The consultant said Mr. Perry’s representatives solicited a $100,000 contribution to a group called Texans for Safe Reliable Transportation, saying, “It will be good for the governor and good for you.”

“My client was aghast,” he said.

Ray Sullivan, a campaign spokesman for Mr. Perry, who was involved with the corridor advocacy group, said, “I don’t believe those conversations ever took place.”

Mr. Sullivan acknowledged that the group, headed by a former senior adviser to Governor Perry named Bill Noble, courted “those interested in infrastructure development.” But, he said, “Neither myself nor anyone who made those pitches were involved in procurement.”

The transportation group, established to promote “market-based transportation solutions,” reported $345,590 in membership dues in 2006, its first year. Mr. Noble said that members paid $2,500 to $25,000, and that Cintra, the Spanish firm that won the initial corridor contract, was “at a higher level of membership but not our largest contributor.”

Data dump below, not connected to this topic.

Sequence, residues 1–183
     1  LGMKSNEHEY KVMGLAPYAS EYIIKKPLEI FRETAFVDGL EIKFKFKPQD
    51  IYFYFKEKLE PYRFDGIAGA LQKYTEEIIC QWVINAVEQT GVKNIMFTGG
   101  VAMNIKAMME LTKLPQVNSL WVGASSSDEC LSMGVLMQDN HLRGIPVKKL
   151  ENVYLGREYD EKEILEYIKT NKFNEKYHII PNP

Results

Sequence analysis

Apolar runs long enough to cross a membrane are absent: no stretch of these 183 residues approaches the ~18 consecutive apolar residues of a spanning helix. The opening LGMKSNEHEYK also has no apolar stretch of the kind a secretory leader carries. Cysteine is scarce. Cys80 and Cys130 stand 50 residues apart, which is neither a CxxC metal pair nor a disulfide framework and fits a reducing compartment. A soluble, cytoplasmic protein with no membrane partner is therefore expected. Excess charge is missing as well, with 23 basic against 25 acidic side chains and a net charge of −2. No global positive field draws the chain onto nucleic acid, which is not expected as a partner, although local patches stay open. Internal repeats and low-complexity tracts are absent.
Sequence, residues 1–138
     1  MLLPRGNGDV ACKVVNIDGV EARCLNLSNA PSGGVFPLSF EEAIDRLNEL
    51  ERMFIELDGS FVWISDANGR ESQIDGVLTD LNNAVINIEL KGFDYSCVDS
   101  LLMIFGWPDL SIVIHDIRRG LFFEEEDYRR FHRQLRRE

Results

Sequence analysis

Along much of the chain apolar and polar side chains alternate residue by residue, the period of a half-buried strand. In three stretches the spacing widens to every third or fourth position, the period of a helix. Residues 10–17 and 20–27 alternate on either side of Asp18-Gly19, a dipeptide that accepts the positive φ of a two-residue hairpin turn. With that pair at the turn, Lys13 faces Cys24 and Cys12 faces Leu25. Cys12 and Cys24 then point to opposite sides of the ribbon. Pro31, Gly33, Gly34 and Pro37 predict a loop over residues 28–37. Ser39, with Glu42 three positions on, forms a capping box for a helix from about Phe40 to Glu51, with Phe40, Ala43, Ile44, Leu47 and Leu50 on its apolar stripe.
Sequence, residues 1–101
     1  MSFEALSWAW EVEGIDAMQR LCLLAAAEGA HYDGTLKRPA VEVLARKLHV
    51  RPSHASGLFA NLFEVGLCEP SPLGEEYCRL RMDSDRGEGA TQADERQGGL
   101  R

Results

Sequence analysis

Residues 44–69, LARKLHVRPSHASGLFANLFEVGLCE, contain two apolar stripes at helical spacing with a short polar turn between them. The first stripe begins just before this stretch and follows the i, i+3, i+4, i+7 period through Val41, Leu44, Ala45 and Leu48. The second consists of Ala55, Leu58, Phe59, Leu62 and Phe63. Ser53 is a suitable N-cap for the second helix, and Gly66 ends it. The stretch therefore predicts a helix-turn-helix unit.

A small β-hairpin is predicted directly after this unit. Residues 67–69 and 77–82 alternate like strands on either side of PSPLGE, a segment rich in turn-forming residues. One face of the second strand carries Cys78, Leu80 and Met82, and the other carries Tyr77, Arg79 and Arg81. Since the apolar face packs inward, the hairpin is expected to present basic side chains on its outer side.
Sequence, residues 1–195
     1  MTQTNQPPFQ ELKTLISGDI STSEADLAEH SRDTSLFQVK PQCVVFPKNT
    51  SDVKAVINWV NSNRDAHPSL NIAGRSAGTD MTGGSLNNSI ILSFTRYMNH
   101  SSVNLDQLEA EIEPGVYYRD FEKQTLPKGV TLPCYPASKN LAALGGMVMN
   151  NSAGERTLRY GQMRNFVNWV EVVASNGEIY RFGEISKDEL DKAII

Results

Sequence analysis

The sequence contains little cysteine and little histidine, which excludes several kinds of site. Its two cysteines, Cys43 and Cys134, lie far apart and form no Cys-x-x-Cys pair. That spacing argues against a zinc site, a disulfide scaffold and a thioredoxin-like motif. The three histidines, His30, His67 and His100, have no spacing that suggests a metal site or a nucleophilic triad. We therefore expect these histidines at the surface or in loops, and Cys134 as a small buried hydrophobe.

“The characterization that there was some sort of quid pro quo or pay-to-play is not accurate,” he said.

A Grand Vision

When Mr. Perry inherited the governorship from President-elect George W. Bush in late 2000, many considered him an accidental governor. Some believed that the Trans-Texas Corridor was borne of his desire to lay claim to an issue, as his predecessor had done with education.

Even before becoming governor, Mr. Perry had discussed the state’s aging roads as a hindrance to economic development with Mr. Williamson and State Representative Mike Krusee. They debated how to finance new highways without raising the gas tax.

“Williamson lived in the world of ideas and he wasn’t happy unless dreaming up new ones,” Mr. Krusee, now a lobbyist, said. “Perry wasn’t like that. But Perry was a better implementer. So Williamson became like the intellectual guru of Team Perry.”